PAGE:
DEER ISLE — A rising tide lifts all boats, and so it is with a handful of creators, each of whom has been able to craft a living from her own work on this island.
Calling themselves the “Women’s Business Group” (tongue firmly in cheek), Carole Ann Fer, Julie Morringello, Melissa Raftery, Ellen Wieske and Megan Wood meet several times a year over dinner to brainstorm, float ideas and hash over issues arising from their respective businesses
In addition, the potter, jeweler, lighting designer and coffee roasters support each other’s endeavors, which has led to more success for all and perhaps a bit less worry at the end of the day and the season.
For example, take a look at last month’s issue of Architectural Digest. In the magazine, Wood and Raftery’s 44 North Café in Stonington is featured as part of a piece titled “The Most Beautiful Coffee Shop in Every State in America.” In the photo, Morringello’s “modern, hexagonal light fixtures” dangle from the ceiling and are singled out in the article. Their Main Street café is an outgrowth of 44 North Coffee roasters in Deer Isle. They produce small batches of organic coffee beans on site.
A Rhode Island School of Design graduate, Morringello makes her home in Stonington, where she founded Modernmaine in 2011. An industrial designer and furniture designer/builder, she has focused on creating contemporary illuminated sculptures from wood veneer in recent years.
Last year, Morringello was chosen as one of the Boston-based Society of Arts and Crafts’ “Artists of the Year” and her Light Totems were featured in the society’s show in the city’s Seaport District.
The mutual support between Morringello and the four other women continues at Deer Isle’s Dowstudio where potter Carole Ann Fer and her metalsmith wife, Ellen Wieske, often serve their favorite 44 North coffee — either Ethiopian or Sumatra — at their artist’s receptions and openings. In turn, the coffee mavens send their customers to 19 Dow Road.
Several times a year, the five gather usually before or after the summer season to bounce ideas off each other or take stock of how they did.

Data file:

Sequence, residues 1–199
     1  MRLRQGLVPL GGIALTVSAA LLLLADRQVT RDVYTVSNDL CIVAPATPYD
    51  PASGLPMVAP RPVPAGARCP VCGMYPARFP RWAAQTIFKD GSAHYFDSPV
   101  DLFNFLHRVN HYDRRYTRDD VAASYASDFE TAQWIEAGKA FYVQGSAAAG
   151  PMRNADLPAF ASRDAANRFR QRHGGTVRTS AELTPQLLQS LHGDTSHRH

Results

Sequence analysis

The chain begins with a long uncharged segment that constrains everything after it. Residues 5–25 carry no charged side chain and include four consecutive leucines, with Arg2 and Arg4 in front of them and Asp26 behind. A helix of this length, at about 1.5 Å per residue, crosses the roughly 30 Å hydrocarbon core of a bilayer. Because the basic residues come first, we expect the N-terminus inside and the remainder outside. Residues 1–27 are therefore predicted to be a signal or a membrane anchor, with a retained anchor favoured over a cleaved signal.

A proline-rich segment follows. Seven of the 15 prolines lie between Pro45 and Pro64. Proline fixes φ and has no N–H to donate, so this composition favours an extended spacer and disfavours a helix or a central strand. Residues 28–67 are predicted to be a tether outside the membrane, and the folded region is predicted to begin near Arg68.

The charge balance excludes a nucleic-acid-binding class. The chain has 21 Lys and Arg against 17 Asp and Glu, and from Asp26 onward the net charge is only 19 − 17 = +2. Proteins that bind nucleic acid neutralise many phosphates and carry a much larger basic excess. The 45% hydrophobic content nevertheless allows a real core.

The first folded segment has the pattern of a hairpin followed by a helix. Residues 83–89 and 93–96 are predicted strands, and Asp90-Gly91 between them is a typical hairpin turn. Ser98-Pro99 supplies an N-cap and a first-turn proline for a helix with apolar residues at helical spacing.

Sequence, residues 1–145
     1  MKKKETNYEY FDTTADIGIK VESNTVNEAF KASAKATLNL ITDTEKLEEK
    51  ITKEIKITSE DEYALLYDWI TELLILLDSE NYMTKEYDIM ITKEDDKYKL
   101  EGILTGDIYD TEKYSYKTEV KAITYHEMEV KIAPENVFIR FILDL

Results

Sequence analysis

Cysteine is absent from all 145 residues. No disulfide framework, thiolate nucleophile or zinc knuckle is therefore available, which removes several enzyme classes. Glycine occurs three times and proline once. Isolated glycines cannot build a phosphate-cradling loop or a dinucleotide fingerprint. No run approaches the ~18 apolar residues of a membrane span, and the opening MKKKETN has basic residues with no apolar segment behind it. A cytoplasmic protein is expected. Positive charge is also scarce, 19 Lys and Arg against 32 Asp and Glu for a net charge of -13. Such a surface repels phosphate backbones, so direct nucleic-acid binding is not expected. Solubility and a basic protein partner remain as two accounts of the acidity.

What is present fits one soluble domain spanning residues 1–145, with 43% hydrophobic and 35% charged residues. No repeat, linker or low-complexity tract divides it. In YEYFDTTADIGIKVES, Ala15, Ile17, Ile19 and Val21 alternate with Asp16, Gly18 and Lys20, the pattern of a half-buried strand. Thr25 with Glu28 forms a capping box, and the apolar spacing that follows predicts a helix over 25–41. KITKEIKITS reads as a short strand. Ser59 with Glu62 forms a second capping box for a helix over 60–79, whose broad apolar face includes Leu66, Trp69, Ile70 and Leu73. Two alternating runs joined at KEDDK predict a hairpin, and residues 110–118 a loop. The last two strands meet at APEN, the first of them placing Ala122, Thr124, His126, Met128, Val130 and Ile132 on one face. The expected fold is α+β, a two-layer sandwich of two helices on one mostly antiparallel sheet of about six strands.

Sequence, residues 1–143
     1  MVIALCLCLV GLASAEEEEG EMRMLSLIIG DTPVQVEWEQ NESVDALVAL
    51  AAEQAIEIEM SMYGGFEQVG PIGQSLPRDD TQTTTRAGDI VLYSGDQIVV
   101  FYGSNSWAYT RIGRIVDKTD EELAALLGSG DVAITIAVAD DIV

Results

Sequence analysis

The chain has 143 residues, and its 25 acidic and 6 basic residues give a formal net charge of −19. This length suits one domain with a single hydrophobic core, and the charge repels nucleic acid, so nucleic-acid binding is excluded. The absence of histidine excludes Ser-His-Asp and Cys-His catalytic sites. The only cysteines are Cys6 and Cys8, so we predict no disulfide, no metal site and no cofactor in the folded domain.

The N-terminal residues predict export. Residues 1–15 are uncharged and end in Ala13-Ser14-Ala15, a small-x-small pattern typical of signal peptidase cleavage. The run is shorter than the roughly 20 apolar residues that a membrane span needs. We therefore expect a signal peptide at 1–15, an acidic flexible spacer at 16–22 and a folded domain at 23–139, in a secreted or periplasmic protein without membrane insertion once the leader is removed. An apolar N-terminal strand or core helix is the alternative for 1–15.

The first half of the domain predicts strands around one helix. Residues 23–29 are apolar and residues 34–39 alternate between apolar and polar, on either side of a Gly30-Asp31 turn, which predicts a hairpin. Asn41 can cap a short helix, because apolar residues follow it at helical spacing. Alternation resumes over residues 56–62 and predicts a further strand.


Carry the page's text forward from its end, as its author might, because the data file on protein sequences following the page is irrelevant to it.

“I find it extremely helpful to have a supportive group of people to bounce thoughts and ideas off of and to know that I can get helpful information as well as honest opinions,” Morringello said. “The topics can range from very practical business issues to things like color, design and aesthetics and everything in between.”
“Talking with other members of the group helps me gain clarity about my goals,” the designer continued. “Often, the act of creating a narrative helps me to understand myself better.”
Finding high-quality coffee beans, which they carefully roast to showcase the beans’ particular flavor and character, is what drives Raftery and Wood. 44 North Coffee’s founders also take pains to know how the far-flung farmers who supply them are treated and paid. Sourcing green or raw coffee beans is their greatest expense.
In January, Raftery and roaster and trainer Kasi Billings traveled to Chiapas, Mexico.
“We find it extremely important to travel to visit the co-ops that we purchase from to have a firsthand account of both environmental and social conditions of the people working within coffee,” Raftery said.
In the lives of each business, over the past eight years, there have been times when the women have sought advice from each other. None of them went to business school, so it’s been good to have a place to talk confidentially.
Because Deer Isle is a small community, confidentiality is important. What’s discussed in the group stays in the group.
The word “safe” came up several times in a recent gathering.
“We’re not afraid to be too supportive,” said Fer.
Over time, 44 North Coffee has grown from just a two-woman venture to a staff of three to 10, depending on the time of year. The business moved its operations and expanded to include a seasonal satellite café.
Fer and Wieske both work at Haystack Mountain School of Crafts in addition to working as artists and running Dowstudio. The couple were extremely busy in 2016, hosting a whirlwind of 85 artists. Bravely, the couple decided to give themselves a break to recharge and didn’t open last summer.
Morringello, Raftery and Wood were consulted and supported the decision.
“I was really scared to close for the year last year,” recalled Fer. She and Wieske are now readying their gallery for this coming season.
Wood replied, “But you did it and you’re coming back so much stronger.”
For 18 years, Wieske worked as a jeweler/stone-setter and designer. Now, she challenges herself to “elevate tin cans, steel garden wire, washing machine parts and other recycled materials to create objects equal to ones made out of precious materials.”
At DowStudio, that vision is carried through. Wieske and Fer strive to feature original, affordable creations.
“Our intent is to help educate about contemporary craft and the value of the handmade object,” Wieske reflected. “A unique one-of-a-kind object can elevate an everyday experience through redefinition and purpose.”
One reason Wieske, Fer, Morringello, Wood and Raftery think they work so well together is that their respective businesses have grown organically. No one has taken out a big bank loan to start up. At Dowstudio the first year, discarded odds and ends from the transfer station were transformed into things of beauty.
At 44 North Coffee in the early days, the label was handwritten on every bag of roasted coffee beans.
Fer said she thinks everyone in the group has an “innate sense of risk management or tolerance. All of us have had other jobs.”
The group also enjoys celebrating each other’s successes as well.
When Raftery and Wood started their Stonington café, the group gathered for a pizza dinner there before the grand opening.